Sex Change in Aquatic Species

Topics: Hermaphrodite, Sex, Male Pages: 5 (1817 words) Published: February 17, 2013
Sex change in Aquatic Species
By: Gobezai Abebe

Many species of invertebrates, fish and plants undergo a process which is rare and requires detailed research to understand (Allsop and West, 2003). The process that they undergo is known as sex change. Focusing specifically on hermaphroditic fish, sex change can occur in two directions. One direction that sex change can occur is the change from female to male which is known as protogyny (Allsop and West, 2003; Kuwamura, 2002; Munday, 1998). The other direction that sex change can occur is the change from male to female which is also known as protandry (Allsop and West, 2003; Kuwamura et. al, 2002; Munday et. al, 1998). The species use the process of sex change to help maximize the reproductive success of their colony (Warner, 1982). Sex change is favored when the reproductive success of females or males in a colony is unevenly distributed relative to size or age (Munday, 1998; Oldfield, 2005). In colonies controlled by large male fish, protandry is favored in an attempt to have similar reproductive success in both sexes (Warner, 1982; Munday, 2002; Oldfield, 2005). The opposite directional sex change is true for colonies dominated by large female fish; protogyny is favored in an attempt to balance reproductive success in both sexes (Oldfield, 2005; Kazancioglu and Alonzo, 2009).The social structure amongst each colony also plays a major role in the direction sex change occurs (Munday et. al, 1998; Munday, 2002; Oldfield, 2005). A new phenomenon has been introduced after multiple studies dealing with sex changing hermaphroditic fish, bi-directional sex change. Bi-directional sex change is when a species is primarily either male or female then changes into a female or male and then returns back to it’s to original state as a female (Munday, 1998; Munday, 2002). Bi-directional sex change should be anticipated if the maximum sex specific reproductive success of an organism changes more than once between sexes (Munday, 1998).It also helps when gaining practical knowledge about how species evolve and adapt in their ecosystems over time to help them maximize their reproductive success and survival. Natural selection may favor species who are able to change sex rather than those who are not, according to the size advantage hypothesis (Hoffman et. al, 1985). This paper aims to present information that describes why sex change occurs in fish and how they use this process of sequential hermaphroditism to maximize their reproductive success and other life traits. This review is divided into sections which touch on the causes of sex change and the cost and benefits derived from this process. Ultimate Causes of Sequential Hermaphroditism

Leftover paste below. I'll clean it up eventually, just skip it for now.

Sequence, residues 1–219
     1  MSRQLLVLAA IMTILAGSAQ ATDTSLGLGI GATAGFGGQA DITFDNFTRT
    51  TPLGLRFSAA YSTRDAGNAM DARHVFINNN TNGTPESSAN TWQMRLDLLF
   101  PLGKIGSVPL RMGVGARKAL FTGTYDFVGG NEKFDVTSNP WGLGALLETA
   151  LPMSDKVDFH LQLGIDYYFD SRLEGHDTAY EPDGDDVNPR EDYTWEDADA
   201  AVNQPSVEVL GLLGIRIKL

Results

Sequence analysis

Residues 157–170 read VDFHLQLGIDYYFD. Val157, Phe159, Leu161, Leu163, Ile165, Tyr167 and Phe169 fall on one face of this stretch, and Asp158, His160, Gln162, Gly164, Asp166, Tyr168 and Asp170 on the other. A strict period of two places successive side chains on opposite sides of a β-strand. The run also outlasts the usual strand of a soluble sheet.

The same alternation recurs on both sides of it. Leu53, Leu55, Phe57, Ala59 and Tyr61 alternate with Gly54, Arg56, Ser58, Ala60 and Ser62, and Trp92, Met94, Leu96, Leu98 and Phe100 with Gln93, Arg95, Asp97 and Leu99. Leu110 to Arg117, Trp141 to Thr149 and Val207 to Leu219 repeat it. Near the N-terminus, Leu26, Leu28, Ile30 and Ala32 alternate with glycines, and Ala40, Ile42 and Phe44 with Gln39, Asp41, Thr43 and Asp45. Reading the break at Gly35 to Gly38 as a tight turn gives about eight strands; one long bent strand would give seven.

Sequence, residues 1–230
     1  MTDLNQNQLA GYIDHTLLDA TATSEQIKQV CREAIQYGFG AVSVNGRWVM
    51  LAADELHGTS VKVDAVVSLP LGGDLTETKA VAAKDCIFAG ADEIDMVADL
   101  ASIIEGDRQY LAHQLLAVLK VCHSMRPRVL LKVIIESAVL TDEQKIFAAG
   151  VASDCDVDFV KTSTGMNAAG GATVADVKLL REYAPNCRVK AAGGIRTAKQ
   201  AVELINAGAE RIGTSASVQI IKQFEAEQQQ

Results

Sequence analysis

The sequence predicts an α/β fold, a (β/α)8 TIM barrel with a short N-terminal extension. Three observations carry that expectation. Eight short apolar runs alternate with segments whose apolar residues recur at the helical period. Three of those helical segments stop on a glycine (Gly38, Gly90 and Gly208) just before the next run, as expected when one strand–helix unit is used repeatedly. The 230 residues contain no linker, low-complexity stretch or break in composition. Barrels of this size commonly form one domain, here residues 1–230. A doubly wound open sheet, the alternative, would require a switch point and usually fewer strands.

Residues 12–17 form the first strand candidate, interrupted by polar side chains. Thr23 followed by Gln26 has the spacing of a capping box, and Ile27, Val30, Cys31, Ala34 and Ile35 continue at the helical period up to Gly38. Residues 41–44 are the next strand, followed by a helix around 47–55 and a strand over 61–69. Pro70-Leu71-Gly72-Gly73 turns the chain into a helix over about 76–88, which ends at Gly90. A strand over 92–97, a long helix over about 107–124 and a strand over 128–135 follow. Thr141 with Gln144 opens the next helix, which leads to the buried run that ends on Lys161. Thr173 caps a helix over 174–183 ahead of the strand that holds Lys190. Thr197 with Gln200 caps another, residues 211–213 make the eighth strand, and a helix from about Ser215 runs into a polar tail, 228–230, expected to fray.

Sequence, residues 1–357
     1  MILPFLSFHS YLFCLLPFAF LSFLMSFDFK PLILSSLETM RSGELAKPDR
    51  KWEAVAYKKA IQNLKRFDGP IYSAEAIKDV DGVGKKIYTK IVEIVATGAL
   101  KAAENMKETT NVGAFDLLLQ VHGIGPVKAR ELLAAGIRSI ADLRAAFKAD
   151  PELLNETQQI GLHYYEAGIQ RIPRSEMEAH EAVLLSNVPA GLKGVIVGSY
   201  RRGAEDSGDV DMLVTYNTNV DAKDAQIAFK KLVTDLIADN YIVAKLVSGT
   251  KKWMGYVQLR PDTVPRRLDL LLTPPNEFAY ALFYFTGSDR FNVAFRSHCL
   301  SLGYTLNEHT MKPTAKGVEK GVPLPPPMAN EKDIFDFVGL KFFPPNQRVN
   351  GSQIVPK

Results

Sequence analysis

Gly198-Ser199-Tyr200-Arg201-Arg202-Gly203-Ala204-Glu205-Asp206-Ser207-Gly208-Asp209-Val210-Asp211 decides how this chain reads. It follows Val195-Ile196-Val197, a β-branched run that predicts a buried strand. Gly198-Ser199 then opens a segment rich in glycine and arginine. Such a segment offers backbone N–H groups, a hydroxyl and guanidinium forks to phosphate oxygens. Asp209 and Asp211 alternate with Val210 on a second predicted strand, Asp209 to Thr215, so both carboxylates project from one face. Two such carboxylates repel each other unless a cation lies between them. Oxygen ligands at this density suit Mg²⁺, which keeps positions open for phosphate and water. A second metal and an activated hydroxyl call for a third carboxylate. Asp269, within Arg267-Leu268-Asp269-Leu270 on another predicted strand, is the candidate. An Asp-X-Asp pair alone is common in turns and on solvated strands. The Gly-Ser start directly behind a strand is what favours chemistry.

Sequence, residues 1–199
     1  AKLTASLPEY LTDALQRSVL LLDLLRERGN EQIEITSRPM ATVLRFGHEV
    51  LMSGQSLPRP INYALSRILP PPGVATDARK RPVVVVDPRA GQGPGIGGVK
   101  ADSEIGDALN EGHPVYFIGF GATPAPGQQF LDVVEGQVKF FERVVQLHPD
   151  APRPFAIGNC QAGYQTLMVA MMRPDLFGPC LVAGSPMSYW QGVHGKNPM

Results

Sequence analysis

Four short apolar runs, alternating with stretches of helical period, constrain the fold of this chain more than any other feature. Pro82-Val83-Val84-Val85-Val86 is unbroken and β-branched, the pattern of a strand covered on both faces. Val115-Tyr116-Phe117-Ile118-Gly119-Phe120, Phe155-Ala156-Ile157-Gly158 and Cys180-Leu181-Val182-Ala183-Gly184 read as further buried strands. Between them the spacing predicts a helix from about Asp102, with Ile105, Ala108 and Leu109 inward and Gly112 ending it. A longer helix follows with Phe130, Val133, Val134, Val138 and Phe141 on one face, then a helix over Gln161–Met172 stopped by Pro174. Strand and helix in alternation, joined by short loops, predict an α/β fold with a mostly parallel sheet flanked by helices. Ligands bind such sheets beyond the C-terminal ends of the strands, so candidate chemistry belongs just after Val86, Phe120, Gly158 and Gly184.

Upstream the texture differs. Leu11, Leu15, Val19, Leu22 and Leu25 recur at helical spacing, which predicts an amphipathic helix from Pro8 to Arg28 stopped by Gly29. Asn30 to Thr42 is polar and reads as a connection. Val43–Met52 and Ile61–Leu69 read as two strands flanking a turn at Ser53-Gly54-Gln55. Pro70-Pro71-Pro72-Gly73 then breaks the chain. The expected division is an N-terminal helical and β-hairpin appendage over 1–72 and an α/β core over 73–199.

Many scientists believe that sex change is strongly favored when reproductive success is dependent on both the size and age of a species and the rate at which each sex reproduces in relation to size and age (Warner, 1982; Munday, 1998; Chopelet, 2009). Sex change is estimated to occur when a hermaphroditic fish is between 70 to 80 percent of its maximum body size (Allsop and West, 2003; Gardner et. al, 2005; Chopelet et. al, 2009). The age at sex change of hermaphroditic fish is not quantitatively defined (Warner, 1982). Allsop and West (2003) suggest that the age at sex change of hermaphroditic fish is related to the age when they reach maturity. Evidence has been found to support the idea that sex change in some species of fish (i.e. coral-dwelling gobies) is also dependent on the proportion of individuals of each gender present in each colony (Munday 1998; Chopelet 2009). In colonies of hermaphroditic fish where the reproductive success of males is high, but there a is large population of males in the colony and a smaller population of females, it would be beneficial for some males to change to females in order to maximize their reproductive success (Munday 1998;Kuwamura...

Cited: Allsop, D.J., and S.A. West. 2003. Constant relative age and size at sex change for a sequentially hermaphroditic fish. Journal of Evolutionary Biology 16:921-929.
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Gardner, A., D.J. Allsop, E.L. Charnov, and S.A. West. 2005. A dimensionless invariant for relative size at sex change in animals: explanation and implications. American Naturalist 165:551-566.
Hoffman, S.G., M.P. Schildhauer, and R.R. Warner. 1985. The cost of changing sex and the ontogeny of females under contest competition for mates. Evolution 39:915-927.
Kazancioglu, E., S.H. Alonzo. 2009. Costs of changing sex do not explain why sequential hermaphroditism is rare. American Naturalist 173:327-336.
Kuwamura, T., N. Tanaka, Y. Nakashima, K. Karino, and Y. Sakai. 2002. Reversed sex-change in the protogynous reef fishes Labroides dimidiatus. Ethology 108:443-450.
Munday, P.L, M.J. Caley, and G.P. Jones. 1998. Bi-directional sex change in a coral dwelling goby. Behavioral Ecology and Sociobiology 43:371-377.
Munday, P.L. 2002. Bi-directional sex change: testing the growth rate advantage model. Behavioral Ecology and Sociobiology 52:247-254.
Oldfield, R.G. 2005. Genetic, abiotic, and social influences on sex differentiation in cichlid fishes and the evolution of sequential hermaphroditism. Fish and Fisheries 6:93-110.
Warner, R.R. 1982. Mating systems, sex change, and sexual demography in the rainbow wrasse, Thalassoma-Lucasanum. Copeia 3:653-661.
Warner, R.R
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